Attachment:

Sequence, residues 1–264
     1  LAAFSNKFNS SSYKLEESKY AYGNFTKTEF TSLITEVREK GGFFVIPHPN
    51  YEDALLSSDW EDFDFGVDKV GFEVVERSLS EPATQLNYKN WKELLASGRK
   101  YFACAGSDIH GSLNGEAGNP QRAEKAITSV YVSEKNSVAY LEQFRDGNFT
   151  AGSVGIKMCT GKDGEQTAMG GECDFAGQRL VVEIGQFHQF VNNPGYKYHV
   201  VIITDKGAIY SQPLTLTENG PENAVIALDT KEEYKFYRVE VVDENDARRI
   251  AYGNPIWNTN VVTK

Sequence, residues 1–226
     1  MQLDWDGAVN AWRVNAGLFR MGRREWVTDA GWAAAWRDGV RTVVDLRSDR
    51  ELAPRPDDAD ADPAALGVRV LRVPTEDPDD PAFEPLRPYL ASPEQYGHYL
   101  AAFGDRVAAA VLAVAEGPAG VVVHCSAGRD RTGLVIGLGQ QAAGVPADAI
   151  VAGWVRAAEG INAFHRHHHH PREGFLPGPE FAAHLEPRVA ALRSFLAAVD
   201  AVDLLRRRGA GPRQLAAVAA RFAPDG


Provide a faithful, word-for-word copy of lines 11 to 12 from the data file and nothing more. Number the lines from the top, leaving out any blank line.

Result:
   101  AAFGDRVAAA VLAVAEGPAG VVVHCSAGRD RTGLVIGLGQ QAAGVPADAI
   151  VAGWVRAAEG INAFHRHHHH PREGFLPGPE FAAHLEPRVA ALRSFLAAVD